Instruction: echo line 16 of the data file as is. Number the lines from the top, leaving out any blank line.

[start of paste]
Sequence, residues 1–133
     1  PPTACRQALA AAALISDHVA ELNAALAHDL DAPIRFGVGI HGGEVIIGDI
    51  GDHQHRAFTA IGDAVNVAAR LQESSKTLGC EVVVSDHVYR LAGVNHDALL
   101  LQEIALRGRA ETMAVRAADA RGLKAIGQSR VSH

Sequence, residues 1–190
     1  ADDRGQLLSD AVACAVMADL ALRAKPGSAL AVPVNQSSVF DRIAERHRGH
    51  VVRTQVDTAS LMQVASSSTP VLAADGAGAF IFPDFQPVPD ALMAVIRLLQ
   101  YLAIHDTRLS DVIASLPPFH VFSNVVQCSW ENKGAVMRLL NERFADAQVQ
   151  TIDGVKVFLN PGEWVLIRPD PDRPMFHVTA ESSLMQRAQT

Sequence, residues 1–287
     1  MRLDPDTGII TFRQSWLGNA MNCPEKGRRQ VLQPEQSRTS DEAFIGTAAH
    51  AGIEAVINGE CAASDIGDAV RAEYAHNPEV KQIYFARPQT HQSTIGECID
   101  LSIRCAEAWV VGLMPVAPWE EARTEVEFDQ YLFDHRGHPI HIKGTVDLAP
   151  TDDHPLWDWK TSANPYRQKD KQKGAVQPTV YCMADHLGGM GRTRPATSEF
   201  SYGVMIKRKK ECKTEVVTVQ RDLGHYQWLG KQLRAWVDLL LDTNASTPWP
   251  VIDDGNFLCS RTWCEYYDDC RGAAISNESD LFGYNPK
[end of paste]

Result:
   251  VIDDGNFLCS RTWCEYYDDC RGAAISNESD LFGYNPK